Chuck Dixon's time on Nightwing remains my favorite Nightwing ever. There are a couple of great Cataclysm issues along with a really fun Nightwing and Robin training session. Nite-Wing makes his first appearance and sticks around for a bit. Most of the issues here are one and done. All of the art in the regular book is by Scott McDaniel. At this point you either love or hate his art. Chuck Dixon's time on Nightwing remains my favorite Nightwing ever. There are a couple of great Cataclysm issues along with a really fun Nightwing and Robin training session. Nite-Wing makes his first appearance and sticks around for a bit. Most of the issues here are one and done. All of the art in the regular book is by Scott McDaniel. At this point you either love or hate his art.

  3. 4 out of 5

    Craig

    This is a pretty well written collection of mostly self-contained stories in which Dick Grayson (as Nightwing) partners variously with NiteWing (not too impressive), Oracle (Barbara's the brightest of Bludhaven (which is a dumb name for a city, by the way), too), and Robin (for a fun training session; Dick reflecting on his previous romantic interests is great). The best story is a longer reunion with Huntress. I didn't care much for the art, which looks a bit too much like the cartoon versions, This is a pretty well written collection of mostly self-contained stories in which Dick Grayson (as Nightwing) partners variously with NiteWing (not too impressive), Oracle (Barbara's the brightest of Bludhaven (which is a dumb name for a city, by the way), too), and Robin (for a fun training session; Dick reflecting on his previous romantic interests is great). The best story is a longer reunion with Huntress. I didn't care much for the art, which looks a bit too much like the cartoon versions, but it was a fast, friendly read.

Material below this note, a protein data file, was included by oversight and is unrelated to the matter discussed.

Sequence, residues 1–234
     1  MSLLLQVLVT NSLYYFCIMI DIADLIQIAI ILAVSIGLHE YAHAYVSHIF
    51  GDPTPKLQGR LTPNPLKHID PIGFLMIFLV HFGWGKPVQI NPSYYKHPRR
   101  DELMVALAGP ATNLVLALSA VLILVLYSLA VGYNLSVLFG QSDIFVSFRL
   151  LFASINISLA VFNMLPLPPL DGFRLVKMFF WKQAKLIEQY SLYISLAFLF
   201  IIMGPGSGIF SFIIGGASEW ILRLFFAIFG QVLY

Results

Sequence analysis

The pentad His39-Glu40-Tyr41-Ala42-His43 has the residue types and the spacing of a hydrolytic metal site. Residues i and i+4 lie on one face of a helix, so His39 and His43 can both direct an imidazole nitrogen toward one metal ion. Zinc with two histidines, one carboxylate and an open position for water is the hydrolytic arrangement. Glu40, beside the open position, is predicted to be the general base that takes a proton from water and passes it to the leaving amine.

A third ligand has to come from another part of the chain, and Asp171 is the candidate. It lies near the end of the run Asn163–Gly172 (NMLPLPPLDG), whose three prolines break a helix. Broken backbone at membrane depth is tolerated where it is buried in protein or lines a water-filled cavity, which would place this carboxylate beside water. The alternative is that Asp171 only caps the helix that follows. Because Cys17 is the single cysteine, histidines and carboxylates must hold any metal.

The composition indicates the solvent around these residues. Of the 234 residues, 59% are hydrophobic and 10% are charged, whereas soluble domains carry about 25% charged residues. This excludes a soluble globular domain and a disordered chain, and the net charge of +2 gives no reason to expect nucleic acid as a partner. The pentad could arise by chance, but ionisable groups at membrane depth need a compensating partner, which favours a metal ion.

4. 5 out of 5

    Douglas Gibson

    I've read all the New 52 Nightwings graphic novels that the library has, so now I am into other volumes. This first collection is not great; the story and plot are underwhelming. My favorite section was a one-off featuring Robin and Nightwing training together as they discuss crime fighting, their love life, and Batman. The last few issues feature the Huntress, which was a great surprise, but sadly don't do much to enhance the story. I've read all the New 52 Nightwings graphic novels that the library has, so now I am into other volumes. This first collection is not great; the story and plot are underwhelming. My favorite section was a one-off featuring Robin and Nightwing training together as they discuss crime fighting, their love life, and Batman. The last few issues feature the Huntress, which was a great surprise, but sadly don't do much to enhance the story.